RStudio is a great way to work through analyses tasks, and I suspect most folks use the “desktop” version of the product on their local workstations.
The fine folks at RStudio also make a server version (the codebase for RStudio is able to generate server or desktop and they are generally in 100% feature parity when it comes to interactive use). You only need to set it up on a compatible server and then access it via any modern web browser to get virtually the same experience you have on the desktop.
I use RStudio Server as well as RStudio Desktop and have never been comfortable mixing web browsing tasks and analysis tasks in the same browser (it’s one of the many reasons I dislike jupyter notebooks). I also keep many apps open and inevitably would try to cmd-tab (I’m on macOS) between apps to find the RStudio server one only to realize I shld have been keyboard tabbing through Chrome tabs.
Now, it’s not too hard to fire up a separate Chrome or Safari instance to get a separate server but it’d be great if there was a way to make it “feel” more like an app — just like RStudio Desktop. Well, it turns out there is a way using nativefier.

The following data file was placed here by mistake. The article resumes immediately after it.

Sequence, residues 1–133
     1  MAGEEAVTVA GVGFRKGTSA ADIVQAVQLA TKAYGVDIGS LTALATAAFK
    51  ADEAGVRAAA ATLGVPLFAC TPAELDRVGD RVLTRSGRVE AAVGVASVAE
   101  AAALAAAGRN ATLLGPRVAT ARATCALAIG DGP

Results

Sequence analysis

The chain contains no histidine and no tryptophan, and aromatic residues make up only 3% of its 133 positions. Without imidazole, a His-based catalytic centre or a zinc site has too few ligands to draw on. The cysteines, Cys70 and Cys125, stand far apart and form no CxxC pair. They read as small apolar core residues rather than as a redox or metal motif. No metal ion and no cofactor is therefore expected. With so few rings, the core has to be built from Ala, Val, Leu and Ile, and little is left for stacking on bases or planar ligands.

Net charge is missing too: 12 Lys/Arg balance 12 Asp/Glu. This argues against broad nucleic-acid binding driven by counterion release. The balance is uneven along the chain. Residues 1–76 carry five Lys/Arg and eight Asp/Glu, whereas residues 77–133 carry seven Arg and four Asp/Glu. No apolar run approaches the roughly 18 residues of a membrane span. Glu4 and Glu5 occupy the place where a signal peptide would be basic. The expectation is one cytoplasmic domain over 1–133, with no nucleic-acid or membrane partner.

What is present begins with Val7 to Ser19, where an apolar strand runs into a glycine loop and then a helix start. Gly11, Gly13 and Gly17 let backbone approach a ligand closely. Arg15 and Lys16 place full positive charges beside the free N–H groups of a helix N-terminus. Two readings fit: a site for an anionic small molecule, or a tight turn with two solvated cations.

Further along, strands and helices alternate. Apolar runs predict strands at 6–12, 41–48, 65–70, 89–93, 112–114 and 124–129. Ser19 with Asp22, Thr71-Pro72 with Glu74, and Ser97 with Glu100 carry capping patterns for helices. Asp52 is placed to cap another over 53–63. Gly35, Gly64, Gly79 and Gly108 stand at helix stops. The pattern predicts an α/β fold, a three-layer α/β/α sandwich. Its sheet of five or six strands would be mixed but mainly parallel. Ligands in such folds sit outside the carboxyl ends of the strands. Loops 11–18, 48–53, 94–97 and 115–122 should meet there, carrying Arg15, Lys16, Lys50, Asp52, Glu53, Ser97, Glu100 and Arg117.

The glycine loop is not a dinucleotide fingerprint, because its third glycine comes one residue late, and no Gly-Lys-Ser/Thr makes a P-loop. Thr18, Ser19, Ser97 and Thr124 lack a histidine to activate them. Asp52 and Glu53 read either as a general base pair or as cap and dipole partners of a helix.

If you use the Slack standalone desktop client, the Atom text editor or a few other “modern” apps, they are pretty much just web pages wrapped in a browser shell using something like Electron. Jia Hao came up with the idea of being able to do the same thing for any web page.
To create a standalone RStudio Server client for a particular RStudio Server instance, just do the following after installing
nativefier "https://rstudio.example.com:8787/" --name "RStudio @ Example"
Replace the URL with the one you currently use in-browser (and, please consider using SSL/TLS when connecting over the public internet) and use any name that will be identifiable to you. You get a safe, standalone application and will never have to worry about browser crashes impacting your workflow.
There are many customizations you can make to the app shell and you can even use your own icons to represent servers differently. It’s all super-simple to setup and get working.
Note that for macOS folks there has been a way pre-
nativefier to do this same thing with a tool called Fluid but it uses the Apple WebKit/Safari shell vs the Chrome shell and I prefer the Chrome shell and cross-platform app-making ability.
Hopefully this quick R⁶ tip will help you corral your RStudio Server connections. And, don’t forget to join in on the R⁶ bandwagon and share your own quick tips, snippets and hints to help the broader R community level-up their #rstats work.